So when I saw this tweet today, well, heck, it brought me back. To this. I first saw the Google Master Plan whiteboard when I went to Google in early 2002 to meet with Eric Schmidt. Love the idea that Twitter now has a whiteboard with its revenue plans, and prominently declared is that wonderful mandate we’ve all written in the corner; DO NOT ERASE!

Yes, that’s a good idea. Don’t erase (see my previous post on why).

PS – Google’s Master plan also had a “Do Not Erase” in the top left hand corner. So did the “Don’t be evil” whiteboard moniker put up across campus in the early days.

Another Reason to be Skeptical of "Analysts"

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The Times runs a piece today citing a media analyst at Sanford Bernstein claiming:

…monetizing Twitter “would be difficult at best and likely unsuccessful.” People who sign up for free services tend to resent a company for trying to wring revenue from the business later. Subscription fees are out of the question, they said, and advertising-based revenues don’t seem to have yielded enough cash flow to make a Web 2.0 property viable.

I agree about one thing – building ad platforms like Tweetsense will be difficult. But nothing valuable is ever easy. Adwords was not easy. Overture was not easy. What Facebook is building is not easy. And TweetSense won’t be easy.

But that’s the point, isn’t it? If it was easy, everyone would do it.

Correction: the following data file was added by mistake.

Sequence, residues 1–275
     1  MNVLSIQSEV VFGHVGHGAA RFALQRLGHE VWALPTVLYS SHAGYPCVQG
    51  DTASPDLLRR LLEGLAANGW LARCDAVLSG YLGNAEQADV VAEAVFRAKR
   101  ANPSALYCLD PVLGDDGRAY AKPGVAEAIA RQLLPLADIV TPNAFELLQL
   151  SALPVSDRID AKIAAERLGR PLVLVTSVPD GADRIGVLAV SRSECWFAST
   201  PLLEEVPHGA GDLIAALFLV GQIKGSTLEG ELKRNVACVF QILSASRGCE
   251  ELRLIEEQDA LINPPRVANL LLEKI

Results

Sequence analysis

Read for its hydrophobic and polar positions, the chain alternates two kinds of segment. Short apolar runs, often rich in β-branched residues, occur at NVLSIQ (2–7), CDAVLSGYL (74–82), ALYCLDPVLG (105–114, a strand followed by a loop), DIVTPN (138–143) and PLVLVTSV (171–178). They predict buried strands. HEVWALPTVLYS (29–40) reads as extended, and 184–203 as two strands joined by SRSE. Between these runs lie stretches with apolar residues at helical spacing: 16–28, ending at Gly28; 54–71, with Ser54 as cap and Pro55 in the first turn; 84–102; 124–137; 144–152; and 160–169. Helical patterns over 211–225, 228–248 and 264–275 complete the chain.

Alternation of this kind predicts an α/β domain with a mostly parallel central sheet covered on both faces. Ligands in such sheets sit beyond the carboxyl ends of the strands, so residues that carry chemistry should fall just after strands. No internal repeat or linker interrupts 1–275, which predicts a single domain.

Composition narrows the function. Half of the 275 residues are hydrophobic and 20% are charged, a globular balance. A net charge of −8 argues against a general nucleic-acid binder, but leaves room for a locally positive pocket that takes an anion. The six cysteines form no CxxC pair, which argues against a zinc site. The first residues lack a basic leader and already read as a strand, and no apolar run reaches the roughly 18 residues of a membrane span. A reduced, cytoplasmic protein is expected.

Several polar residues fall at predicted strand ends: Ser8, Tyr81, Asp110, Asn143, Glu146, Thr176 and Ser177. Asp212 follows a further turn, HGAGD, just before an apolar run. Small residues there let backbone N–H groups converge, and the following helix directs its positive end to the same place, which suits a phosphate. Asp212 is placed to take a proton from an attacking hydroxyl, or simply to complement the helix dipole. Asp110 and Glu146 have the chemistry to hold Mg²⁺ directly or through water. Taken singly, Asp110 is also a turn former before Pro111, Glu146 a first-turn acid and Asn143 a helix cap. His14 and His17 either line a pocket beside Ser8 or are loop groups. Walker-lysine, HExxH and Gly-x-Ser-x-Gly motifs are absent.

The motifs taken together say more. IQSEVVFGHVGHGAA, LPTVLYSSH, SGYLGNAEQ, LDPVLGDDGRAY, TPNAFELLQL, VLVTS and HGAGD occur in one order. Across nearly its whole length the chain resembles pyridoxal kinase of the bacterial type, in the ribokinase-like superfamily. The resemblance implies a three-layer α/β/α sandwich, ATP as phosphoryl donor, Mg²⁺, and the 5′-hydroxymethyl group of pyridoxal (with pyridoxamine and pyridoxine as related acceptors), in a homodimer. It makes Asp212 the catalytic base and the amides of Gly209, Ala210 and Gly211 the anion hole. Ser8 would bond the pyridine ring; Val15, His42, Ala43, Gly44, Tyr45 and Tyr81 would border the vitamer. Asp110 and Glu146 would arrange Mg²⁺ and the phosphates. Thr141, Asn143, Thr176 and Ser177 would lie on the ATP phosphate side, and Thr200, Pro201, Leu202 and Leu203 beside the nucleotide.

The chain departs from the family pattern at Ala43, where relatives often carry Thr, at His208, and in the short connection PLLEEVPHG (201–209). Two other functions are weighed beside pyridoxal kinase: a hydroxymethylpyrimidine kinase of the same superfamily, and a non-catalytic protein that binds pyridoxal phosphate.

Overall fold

To be entirely clear, Twitter has at least three major potential revenue streams.

1. Tweetsense – AdWords and AdSense like platform for Twitter. This has major scale potential.

2. Branded licensing. This is stuff like Stocktwits, where Twitter could promote and perhaps gets licensing fees.

3. SMS/carriers – deals with carriers to split revenue driven by mobile tweeting.

And there are plenty more.

Analysts who write stuff like this are clearly not thinking very hard about the potential of services like Twitter, nor do they understand the appetite for risk the venture capitalists backing such ideas have. Check this quote:

“Whoever buys Twitter, they wrote, “will likely have to operate it at a loss in perpetuity, or until the next cool Web 2.0 social networking concept comes along and Twitter tweets no more.”

Utterly ridiculous on so many fronts it’s hard for me to summon the energy to refute it. The idea of the tweet as the query, the idea of brands wanting to have a commercial “response” to searches (and tweets) on Twitter, these are not small ideas. The idea of real time search, conversational and social search, real time “AdWords” – these are not minor new wrinkles. They are here to stay. Twitter is a very promising service directly in the center of these trends, trends the “analysts” at Sanford Bernstein clearly do not grasp.

Not News, But Certainly Interesting

By - March 17, 2009

prmote twitter thenjpg.jpg (Oct. 2008)

Twitter promotion now.png (This week)